California officials fear upcoming holidays could break their overwhelmed healthcare system

California officials fear upcoming holidays could break their overwhelmed healthcare system
U.S. Army 1st Lt. Colton Whitehouse, critical care nurse from Urban Augmentation Medical Task Force – 627, works to provide medical care to a COVID-19 patient alongside Baptist Hospital medical staff, in San Antonio, Texas, July 10, 2020. The UAMTF is comprised of Soldiers with various medical specialties from the 627th Hospital Center, Fort Carson, Colo., and deployed to support San Antonio hospitals during the COVID-19 response. U.S. Northern Command, through U.S. Army North, is providing military support to states in need. (U.S. Army photo illustration by Luis A. Deya) (Photo cropped due to patient privacy sensitivity)

Top-ranking state officials in California are urging residents to refrain from attending Christmas and New Year's Eve gatherings amid fears that another coronavirus surge could break the state's healthcare system, according to a new report published by The Washington Post.

With unprecedented spikes in COVID-19 cases, California's COVID projection models have warned that hospitals could be inundated with "tens of thousands" more patients by the middle of January. California Health and Human Services Secretary Mark Ghaly also revealed state officials are currently mulling over possible approaches to rationing care if the system breaks in the coming weeks.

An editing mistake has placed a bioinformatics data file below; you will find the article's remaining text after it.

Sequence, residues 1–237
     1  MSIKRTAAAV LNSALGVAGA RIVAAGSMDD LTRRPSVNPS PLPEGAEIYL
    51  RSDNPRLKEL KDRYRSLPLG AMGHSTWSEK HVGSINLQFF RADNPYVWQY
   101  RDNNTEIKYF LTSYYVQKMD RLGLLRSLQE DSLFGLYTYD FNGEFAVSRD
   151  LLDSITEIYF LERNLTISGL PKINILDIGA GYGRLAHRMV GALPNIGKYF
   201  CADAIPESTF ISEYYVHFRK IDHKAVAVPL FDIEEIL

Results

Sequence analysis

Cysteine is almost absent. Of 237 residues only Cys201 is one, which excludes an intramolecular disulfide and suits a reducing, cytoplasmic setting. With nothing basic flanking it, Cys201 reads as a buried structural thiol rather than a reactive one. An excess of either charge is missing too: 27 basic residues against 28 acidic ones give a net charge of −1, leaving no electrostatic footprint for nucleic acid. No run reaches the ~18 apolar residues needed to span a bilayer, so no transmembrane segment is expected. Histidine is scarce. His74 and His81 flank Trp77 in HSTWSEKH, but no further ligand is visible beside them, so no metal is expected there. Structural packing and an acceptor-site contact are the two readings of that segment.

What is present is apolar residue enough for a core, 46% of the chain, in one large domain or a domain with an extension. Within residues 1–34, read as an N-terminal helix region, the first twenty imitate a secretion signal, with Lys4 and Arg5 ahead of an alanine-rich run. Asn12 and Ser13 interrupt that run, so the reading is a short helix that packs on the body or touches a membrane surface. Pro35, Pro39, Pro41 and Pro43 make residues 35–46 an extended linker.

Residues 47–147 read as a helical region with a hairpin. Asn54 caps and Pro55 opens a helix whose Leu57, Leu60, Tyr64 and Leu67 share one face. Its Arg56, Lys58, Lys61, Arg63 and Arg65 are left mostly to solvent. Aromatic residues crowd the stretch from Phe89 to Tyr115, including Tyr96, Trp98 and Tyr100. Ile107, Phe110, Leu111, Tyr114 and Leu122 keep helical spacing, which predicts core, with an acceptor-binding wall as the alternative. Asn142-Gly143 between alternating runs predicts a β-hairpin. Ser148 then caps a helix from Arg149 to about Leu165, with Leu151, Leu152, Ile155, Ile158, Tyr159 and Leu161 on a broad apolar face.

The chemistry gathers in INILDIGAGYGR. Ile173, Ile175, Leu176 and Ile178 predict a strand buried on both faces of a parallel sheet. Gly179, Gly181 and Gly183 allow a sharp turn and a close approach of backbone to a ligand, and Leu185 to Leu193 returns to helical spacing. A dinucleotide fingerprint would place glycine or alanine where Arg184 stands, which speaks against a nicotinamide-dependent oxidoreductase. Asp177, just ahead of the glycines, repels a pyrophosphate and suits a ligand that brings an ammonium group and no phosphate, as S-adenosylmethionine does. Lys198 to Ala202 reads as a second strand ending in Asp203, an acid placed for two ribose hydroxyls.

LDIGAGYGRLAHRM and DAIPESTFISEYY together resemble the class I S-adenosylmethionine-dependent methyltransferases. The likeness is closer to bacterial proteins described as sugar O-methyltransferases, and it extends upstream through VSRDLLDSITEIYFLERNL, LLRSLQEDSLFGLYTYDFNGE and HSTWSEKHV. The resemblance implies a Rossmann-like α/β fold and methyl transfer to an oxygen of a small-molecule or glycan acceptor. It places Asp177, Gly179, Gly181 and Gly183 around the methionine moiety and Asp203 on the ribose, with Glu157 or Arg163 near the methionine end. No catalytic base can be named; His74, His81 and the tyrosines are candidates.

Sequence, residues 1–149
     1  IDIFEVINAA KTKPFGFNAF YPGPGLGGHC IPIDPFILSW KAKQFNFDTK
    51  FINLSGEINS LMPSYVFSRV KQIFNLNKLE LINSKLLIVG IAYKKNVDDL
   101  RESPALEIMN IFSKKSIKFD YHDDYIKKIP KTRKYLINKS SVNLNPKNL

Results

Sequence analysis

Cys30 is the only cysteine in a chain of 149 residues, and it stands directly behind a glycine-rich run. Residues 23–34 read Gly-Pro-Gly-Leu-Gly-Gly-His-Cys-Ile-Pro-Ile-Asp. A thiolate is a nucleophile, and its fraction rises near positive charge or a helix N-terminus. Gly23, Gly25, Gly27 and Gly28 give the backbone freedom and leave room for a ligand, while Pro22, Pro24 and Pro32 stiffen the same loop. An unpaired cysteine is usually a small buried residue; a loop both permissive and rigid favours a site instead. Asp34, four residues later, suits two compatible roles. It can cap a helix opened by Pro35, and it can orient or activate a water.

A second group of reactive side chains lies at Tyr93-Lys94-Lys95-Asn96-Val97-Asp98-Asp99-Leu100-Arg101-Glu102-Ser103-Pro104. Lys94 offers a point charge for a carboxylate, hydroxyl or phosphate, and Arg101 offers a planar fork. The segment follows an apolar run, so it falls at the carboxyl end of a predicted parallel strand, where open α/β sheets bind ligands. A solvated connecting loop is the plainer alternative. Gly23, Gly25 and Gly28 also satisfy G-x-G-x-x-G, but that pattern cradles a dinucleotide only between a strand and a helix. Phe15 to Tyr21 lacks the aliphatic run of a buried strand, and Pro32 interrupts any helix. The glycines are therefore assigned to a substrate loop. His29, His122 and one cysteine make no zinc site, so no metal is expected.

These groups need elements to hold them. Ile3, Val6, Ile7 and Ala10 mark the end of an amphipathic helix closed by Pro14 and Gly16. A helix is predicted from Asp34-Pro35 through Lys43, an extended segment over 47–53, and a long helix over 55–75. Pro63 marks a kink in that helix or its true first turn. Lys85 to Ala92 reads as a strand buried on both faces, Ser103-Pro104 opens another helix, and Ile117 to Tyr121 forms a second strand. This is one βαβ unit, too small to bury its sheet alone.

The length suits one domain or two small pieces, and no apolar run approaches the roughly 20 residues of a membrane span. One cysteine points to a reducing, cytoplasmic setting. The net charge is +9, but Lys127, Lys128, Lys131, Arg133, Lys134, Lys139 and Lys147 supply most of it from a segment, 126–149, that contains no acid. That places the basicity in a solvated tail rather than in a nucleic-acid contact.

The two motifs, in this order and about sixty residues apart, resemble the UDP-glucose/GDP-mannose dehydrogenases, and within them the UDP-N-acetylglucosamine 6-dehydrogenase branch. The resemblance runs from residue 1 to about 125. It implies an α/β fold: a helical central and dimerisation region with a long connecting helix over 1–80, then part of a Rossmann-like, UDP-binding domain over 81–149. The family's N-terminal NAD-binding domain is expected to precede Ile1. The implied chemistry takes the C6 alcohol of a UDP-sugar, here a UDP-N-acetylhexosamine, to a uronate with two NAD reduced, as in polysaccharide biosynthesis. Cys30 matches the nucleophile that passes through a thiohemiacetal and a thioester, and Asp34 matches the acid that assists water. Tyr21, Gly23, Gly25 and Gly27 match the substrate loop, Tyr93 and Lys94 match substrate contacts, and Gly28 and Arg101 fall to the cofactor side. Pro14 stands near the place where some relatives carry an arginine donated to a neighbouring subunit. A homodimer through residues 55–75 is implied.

The latest news comes as California has become the United States' latest coronavirus epicenter with nearly two million cases just in the state, alone. It has also been reported that hospitalization have surged by nearly 65% over the last two weeks.

On Tuesday, Dec. 22, administrators at several of the state's largest hospital systems are attributing the latest significant spikes to community spread as a result of Thanksgiving holiday gatherings which is one of the main reasons for the concerns about the upcoming holidays. Stephen Parodi, associate executive director at Permanente Medical Group, noted that travel may have also contributed to the latest surge.

"What we're seeing right now is the Thanksgiving Day celebration effect," said Parodi. "It is related to the travel, it is related to the gathering. We understand why people have done it, but we are really making a clarion and desperate call to Californians to not repeat what happened during Thanksgiving."

He later added, "We hope not to get to the place where we have to start making extraordinarily difficult decisions that most of us have never had to face before. But with resources spread so thin — especially staffing — the only way we can avoid reaching crisis levels is if everybody takes action to stop the current spread of the virus."

The CDC also expressed its concerns about travel during a scientific briefing, especially given the identification of a new COVID-19 variant from the United Kingdom.

"Ongoing travel between the United Kingdom and the United States, as well as the high prevalence of this variant among current UK infections, increase the likelihood of importation," the CDC said in a scientific brief. "Given the small fraction of US infections that have been sequenced, the variant could already be in the United States without having been detected."

As of Wednesday, Dec. 23, more than 18 million cases have been reported across the United States, including nearly two million in California. The death toll has also surpassed 330,000.


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